GMC had originally intended its Motorhome to serve as more than just an RV. The 'Travel Vehicle, Streamlined,' or TVS-4 was built to be used in a variety of different functions, including hauling passengers as an airport shuttle or serving police and fire departments (as well as television stations) as a command post on wheels. As such, the interior of the GMC was relatively versatile, with its body panels made of aluminum and fiberglass and attached with adhesive to an aluminum frame.
Stretched across 23 foot and 26 foot models, GMC allowed buyers to pick one up fully-furnished (sink, bathroom, cooking appliances, seating areas) or stripped down to a bare shell (the TransMode). The vast majority were sold in the longer edition, and roughly three times as many campers made it out the door as compared to TransModes.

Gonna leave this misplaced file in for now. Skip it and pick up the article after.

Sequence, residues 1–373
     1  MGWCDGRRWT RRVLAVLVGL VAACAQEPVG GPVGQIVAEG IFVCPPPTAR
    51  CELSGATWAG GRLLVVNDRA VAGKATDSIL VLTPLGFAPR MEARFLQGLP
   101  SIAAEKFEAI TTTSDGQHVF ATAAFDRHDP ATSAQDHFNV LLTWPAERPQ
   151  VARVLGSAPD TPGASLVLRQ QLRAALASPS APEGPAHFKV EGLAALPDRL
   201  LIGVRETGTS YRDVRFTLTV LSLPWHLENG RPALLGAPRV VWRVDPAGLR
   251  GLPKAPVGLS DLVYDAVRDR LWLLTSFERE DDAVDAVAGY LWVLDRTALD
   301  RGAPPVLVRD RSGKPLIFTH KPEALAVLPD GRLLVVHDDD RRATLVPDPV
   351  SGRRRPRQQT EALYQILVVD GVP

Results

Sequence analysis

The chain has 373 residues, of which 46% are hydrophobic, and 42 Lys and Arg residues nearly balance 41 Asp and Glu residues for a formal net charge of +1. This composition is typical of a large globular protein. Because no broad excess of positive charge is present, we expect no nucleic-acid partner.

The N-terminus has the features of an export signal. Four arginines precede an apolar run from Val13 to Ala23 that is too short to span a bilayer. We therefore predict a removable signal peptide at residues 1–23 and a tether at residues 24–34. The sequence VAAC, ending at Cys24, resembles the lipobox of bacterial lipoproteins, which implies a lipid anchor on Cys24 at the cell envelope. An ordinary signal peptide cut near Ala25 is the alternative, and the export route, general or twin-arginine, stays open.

A total of 15 floor plans could be ordered across both vehicle lengths (House and Garden magazine was consulted in putting together the vehicle's interior décor), along with the famous 'Pineapple Yellow' exterior color that would prove to be the RV's most enduring visual impression (and one of its seven total color schemes).
Unique among campers of the day was the GMC's removable rear body cap, which made the installation of appliances and other large furniture easy thanks to its gaping maw at the factory.